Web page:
For many years, the State of Utah has placed limits on how much injured patients can recover for their medical malpractice cases. The law, found at Utah Code Ann. § 78B-3-410, states that “non-economic” damages may not exceed $450,000 for injuries that occur after May 15, 2010 (there is an adjusting scale for injuries that occurred prior).
What are “non-economic” damages, and what does this mean for your medical malpractice case?
Non-economic damages are not capable of being exactly measured, and there is no fixed rule, standard or formula for them. In awarding noneconomic damages, jurors commonly consider:
- the nature and extent of injuries;
- the pain and suffering, both mental and physical;
- the extent to which someone has been prevented from pursuing his or her ordinary affairs;
- the degree and character of any disfigurement;
- the extent to which [name of plaintiff] has been limited in the enjoyment of life; and
- whether the consequences of these injuries are likely to continue and for how long.
Noneconomic damages include also loss of consortium. Loss of consortium is loss of the benefits that one spouse expects to receive from the other, such as companionship, cooperation, affection, aid and sexual relations.
Even if a jury who heard all the facts and details of a case awarded a malpractice victim $1,000,000 in noneconomic damages, the judge would reduce that amount to $450,000.
There is no cap on economic damages, which are defined as the amount of money that will fairly and adequately compensate the injured party for measurable losses of money or property caused by the defendant’s fault. In order to recover economic damages, the injury victim must prove a measurable loss. There must be a reasonable probability, not just speculation, of loss.
Economic losses include costs of past and future medical care, lost income, lost earning capacity, loss of household services, and property damage. Other forms of loss are considered noneconomic and are subject to the cap.
When medical negligence results in wrongful death, the malpractice damage cap becomes an issue.
By its plain language, Utah’s malpractice damage cap only limits “noneconomic losses to compensate for pain, suffering, and inconvenience.” Utah Code Ann. § 78B-3-410. Losses arising from wrongful death are not characterized as “pain, suffering, and inconvenience,” but rather, are distinct forms of loss. As the Utah Supreme Court has explained:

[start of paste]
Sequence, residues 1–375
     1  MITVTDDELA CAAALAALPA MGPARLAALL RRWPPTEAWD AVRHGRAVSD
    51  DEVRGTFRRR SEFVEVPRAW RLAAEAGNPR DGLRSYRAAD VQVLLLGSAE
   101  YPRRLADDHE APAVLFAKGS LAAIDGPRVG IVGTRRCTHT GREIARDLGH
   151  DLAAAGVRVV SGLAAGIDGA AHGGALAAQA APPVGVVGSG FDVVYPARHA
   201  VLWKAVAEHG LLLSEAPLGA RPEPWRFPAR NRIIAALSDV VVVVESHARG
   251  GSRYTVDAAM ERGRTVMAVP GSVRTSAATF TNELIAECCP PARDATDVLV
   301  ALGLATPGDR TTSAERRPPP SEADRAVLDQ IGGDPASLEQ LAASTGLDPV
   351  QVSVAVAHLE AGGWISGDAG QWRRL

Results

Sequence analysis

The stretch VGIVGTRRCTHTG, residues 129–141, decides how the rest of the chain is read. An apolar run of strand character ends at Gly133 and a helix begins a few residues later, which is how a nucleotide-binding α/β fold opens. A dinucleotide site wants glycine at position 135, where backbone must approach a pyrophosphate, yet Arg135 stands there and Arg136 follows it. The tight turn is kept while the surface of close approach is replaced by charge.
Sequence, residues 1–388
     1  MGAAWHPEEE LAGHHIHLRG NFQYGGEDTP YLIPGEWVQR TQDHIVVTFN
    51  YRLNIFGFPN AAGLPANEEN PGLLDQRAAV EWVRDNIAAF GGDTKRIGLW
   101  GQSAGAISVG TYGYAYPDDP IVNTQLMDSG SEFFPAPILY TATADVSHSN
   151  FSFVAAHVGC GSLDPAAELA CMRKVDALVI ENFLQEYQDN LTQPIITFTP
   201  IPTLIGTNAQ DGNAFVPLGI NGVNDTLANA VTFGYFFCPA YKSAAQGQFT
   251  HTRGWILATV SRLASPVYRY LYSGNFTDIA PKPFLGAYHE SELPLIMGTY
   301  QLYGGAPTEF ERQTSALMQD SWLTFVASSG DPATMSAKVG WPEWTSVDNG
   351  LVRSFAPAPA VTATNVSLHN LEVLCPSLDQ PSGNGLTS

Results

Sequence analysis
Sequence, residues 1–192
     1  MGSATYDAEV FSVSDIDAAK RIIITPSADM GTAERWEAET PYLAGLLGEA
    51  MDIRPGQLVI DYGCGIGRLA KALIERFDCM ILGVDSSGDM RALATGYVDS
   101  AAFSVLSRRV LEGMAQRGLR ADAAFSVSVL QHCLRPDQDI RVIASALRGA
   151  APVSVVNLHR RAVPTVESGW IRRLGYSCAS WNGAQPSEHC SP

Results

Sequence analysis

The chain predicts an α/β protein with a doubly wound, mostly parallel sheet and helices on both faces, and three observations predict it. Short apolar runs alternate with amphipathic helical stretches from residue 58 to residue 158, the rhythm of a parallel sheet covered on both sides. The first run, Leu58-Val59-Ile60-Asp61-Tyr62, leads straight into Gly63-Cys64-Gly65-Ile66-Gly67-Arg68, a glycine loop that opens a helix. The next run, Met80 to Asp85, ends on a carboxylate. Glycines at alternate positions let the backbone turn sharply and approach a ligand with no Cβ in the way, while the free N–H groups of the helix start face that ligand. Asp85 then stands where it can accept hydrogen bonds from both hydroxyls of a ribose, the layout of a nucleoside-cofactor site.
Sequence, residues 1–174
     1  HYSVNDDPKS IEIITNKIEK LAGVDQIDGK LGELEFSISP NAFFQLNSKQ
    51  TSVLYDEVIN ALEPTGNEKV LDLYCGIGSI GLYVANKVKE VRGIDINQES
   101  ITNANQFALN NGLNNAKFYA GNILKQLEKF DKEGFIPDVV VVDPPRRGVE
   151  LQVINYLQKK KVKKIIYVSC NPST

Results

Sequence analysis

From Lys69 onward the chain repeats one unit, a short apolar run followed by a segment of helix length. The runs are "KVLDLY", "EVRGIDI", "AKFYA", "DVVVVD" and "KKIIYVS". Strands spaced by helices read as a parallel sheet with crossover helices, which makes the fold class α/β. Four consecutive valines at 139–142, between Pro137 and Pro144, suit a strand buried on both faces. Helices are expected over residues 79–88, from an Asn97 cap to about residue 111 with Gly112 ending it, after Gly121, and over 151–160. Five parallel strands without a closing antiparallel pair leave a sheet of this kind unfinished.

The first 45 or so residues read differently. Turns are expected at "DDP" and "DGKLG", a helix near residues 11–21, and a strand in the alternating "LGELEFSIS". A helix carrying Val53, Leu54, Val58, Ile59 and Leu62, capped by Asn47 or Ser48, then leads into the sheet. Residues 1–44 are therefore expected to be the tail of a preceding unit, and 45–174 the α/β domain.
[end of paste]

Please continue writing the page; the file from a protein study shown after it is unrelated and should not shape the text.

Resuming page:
[W]hen the death of an adult is caused by the wrongful or negligent act of another, the heirs or the personal representative of the heirs may bring an action for damages against the person causing the death. This Court . . . interpreted the statute and held it to create “a new cause of action for the loss suffered by the heirs by reason of death . . . .”
Hull v. Silver, 577 P.2d 103, 103-04 (Utah 1978) (quoting VanWagoner v. Union Pac. R. Co., 186 P.2d 293, 303 (Utah 1947)) (emphasis added). Although Utah’s appellate courts have not specifically address the issue, a strong argument can be made that wrongful death losses are distinct from the “noneconomic losses to compensate for pain, suffering, and inconvenience,” and are not contemplated by the language of the statutory cap.
If the damage cap were to be extended to wrongful death claims, the statute would likely violate Article XVI, § 5 of the Utah State Constitution, which provides:
The right of action to recover damages for injuries resulting in death shall never be abrogated, and the amount recoverable shall not be subject to any statutory limitation, except in cases where compensation for injuries resulting in death is provided for by law.
The right to recover for wrongful death is a constitutionally protected common law right. See generally Berry ex rel. Berry v. Beech Aircraft Corp., 717 P.2d 670, 684 (Utah 1985). In a more recent case, the Utah Supreme Court reviewed the history of the claim and specifically noted that “wrongful death occupies a position of privilege among torts.” Bybee v. Abdulla, 2008 UT 35, ¶ 18, 189 P.3d 40. If applied to wrongful death cases, the statutory damage cap would limit the right to recover without providing an alternative system of compensation. Such an application would arguably violate the plain language and meaning of the constitution.
These are complicated issues, and if you are considering a medical malpractice case, you need to find an attorney that is familiar not only with the statutory damage cap, but someone who understands the constitutional and economic issues as well.